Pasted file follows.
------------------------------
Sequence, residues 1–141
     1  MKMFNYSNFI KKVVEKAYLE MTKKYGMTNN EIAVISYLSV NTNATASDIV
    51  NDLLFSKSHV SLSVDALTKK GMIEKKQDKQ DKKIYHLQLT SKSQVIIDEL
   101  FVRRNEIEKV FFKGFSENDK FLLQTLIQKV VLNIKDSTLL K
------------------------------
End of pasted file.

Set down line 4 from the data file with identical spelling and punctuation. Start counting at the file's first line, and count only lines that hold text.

   101  FVRRNEIEKV FFKGFSENDK FLLQTLIQKV VLNIKDSTLL K